Face-to-face consultations

She added: ‘The misleading headlines about practices being closed haven’t helped at all. A few months ago a patient I was seeing face-to-face, less than three hours after she rang the surgery, told me it was "impossible to see a doctor as you're not seeing patients".

‘Meanwhile, my neighbour - who has seen me go out the door to work every single day through the pandemic - and saw me come home late and tired and in tears, said yesterday: "Are you seeing patients again yet?" This feels so unfair and unkind when we have never closed and never stopped seeing patients.’

Last September, the BMA warned that GP practices faced a wave of abuse and complaints after a letter from NHS England - reminding GPs to offer face-to-face consultations - triggered damaging media coverage about access to face-to-face appointments. GP leaders passed a vote of no confidence in NHS England earlier this year after practices were told to offer face-to-face appointments to all patients who requested them.

The partner responding to the BMA poll added that abuse had left staff 'from receptionists to nurses and GPs' wanting to quit. She added: 'Our local practice managers are so distressed by the unrelenting complaints and poor behaviour that they are leaving in droves. The social contract that general practice prides itself on being built on seems to have broken down and people think it's ok to be rude and unkind.'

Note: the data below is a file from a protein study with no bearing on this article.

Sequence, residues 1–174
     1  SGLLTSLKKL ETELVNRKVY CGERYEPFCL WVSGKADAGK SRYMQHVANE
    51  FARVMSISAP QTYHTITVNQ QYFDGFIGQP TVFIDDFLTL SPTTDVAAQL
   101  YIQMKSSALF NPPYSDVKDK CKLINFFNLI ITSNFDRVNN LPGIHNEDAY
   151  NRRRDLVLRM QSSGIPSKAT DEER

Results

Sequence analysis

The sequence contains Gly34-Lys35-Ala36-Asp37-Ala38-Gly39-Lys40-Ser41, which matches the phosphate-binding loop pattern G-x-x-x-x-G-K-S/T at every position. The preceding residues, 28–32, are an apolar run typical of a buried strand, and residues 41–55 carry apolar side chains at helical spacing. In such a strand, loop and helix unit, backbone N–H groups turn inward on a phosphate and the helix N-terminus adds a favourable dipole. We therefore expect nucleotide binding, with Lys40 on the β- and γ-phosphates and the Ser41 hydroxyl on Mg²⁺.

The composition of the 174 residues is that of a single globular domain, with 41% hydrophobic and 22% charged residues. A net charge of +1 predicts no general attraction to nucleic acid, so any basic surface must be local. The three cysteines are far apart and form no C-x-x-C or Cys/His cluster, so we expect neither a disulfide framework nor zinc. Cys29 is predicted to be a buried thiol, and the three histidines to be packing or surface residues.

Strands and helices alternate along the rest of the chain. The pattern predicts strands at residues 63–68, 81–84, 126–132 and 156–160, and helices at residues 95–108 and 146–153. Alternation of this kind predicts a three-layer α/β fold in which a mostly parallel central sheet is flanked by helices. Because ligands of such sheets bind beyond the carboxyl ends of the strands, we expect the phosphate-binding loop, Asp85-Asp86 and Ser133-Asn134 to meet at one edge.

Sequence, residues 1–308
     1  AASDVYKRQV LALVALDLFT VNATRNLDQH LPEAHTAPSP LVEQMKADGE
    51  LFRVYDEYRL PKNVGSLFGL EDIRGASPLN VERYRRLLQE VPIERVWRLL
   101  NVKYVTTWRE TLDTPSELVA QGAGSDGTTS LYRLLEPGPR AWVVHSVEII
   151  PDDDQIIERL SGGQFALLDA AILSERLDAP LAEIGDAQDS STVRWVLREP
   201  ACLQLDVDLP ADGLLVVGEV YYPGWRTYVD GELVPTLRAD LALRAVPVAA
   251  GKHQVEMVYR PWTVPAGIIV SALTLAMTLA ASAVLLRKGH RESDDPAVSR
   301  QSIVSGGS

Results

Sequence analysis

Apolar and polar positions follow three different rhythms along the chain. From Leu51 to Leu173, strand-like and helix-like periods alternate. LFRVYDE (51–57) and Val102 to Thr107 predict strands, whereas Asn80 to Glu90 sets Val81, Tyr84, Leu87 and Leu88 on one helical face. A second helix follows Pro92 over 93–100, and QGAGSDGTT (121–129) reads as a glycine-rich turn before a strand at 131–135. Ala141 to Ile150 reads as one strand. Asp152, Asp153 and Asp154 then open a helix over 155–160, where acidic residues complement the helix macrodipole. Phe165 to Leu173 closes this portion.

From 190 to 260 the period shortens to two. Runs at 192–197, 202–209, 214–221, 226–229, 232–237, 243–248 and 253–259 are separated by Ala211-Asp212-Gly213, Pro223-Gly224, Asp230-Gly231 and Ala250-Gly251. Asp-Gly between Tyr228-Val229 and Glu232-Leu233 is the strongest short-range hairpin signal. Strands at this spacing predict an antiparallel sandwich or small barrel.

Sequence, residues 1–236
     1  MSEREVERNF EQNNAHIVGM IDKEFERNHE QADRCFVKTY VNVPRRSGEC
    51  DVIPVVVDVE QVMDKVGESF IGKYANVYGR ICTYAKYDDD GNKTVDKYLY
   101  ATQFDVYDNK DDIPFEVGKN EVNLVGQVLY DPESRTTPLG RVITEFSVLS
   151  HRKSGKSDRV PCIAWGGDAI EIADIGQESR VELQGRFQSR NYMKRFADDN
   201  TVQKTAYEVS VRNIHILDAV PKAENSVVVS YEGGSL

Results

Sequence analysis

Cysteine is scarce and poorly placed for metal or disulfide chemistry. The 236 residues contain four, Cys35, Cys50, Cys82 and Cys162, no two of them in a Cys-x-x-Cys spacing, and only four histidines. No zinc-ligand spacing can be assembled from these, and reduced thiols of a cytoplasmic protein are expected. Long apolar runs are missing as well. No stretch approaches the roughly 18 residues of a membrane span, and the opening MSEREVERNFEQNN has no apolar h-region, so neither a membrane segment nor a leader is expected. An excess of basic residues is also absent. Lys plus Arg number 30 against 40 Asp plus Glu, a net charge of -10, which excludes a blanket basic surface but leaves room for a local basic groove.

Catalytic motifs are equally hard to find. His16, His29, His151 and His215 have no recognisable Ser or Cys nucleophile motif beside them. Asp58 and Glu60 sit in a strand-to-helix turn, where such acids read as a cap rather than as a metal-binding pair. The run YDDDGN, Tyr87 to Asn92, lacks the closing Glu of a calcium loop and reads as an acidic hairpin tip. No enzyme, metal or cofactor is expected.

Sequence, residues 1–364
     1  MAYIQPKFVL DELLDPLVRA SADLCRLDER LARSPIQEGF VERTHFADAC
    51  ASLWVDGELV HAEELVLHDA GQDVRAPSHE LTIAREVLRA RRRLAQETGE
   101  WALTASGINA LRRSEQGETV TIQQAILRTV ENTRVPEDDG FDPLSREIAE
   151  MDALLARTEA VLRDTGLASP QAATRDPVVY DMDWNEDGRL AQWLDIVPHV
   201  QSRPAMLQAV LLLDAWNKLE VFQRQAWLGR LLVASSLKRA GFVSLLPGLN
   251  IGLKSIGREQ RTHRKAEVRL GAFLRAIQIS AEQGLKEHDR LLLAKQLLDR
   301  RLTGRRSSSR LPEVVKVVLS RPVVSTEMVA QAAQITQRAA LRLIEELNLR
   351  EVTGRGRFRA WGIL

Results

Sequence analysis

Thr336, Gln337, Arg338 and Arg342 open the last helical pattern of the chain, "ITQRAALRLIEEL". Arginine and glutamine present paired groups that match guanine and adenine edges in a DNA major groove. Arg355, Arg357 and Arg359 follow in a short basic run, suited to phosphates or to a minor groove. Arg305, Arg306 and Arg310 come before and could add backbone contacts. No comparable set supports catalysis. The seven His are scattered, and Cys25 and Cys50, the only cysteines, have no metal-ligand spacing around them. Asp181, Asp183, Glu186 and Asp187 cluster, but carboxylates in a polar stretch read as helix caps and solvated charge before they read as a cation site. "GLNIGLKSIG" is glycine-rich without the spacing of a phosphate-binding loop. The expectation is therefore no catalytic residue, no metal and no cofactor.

Burnout fears

Dr Vautrey added: ‘Facing such abuse leaves doctors fearing for the safety of themselves, their colleagues and their loved ones, which can have a profound effect on their wellbeing. It can leave even the most resilient GP feeling alienated and undervalued, leaving them questioning their career when the NHS can ill afford to lose any more staff in general practice. Meanwhile, being on the receiving end of rudeness can impact productivity and the quality of work, ultimately threatening patient care.

‘There must be an honest public conversation, led by the government and NHS England, about the precarious state the NHS now finds itself in after 18 months of managing a pandemic, so that people have realistic expectations, and to prevent staff bearing the brunt of frustration and anger.

‘Alongside the urgent need for support for general practice and the wider NHS from the government so that we stand a chance of meeting the growing needs of our patients, we’d continue to remind the public to be kind and considerate when contacting their surgery - we are humans too, after all.’

Medico-legal lead at the Medical Protection Society (MPS) Dr Pallavi Bradshaw said: ‘GP surgeries have clearly borne the brunt of the public’s frustrations, and it is shocking and appalling that our frontline workers have been facing this sort of abuse.

‘Abuse presents yet another source of anxiety at a time when many healthcare workers have expressed grave concerns about their mental wellbeing. GPs are mentally and physically exhausted with the risk of disillusionment and burnout higher than ever.'

A recent MPS survey found that three quarters of primary care staff had faced verbal abuse linked to the COVID-19 vaccination programme and more than half threats of physical assault or had their premises defaced or damaged.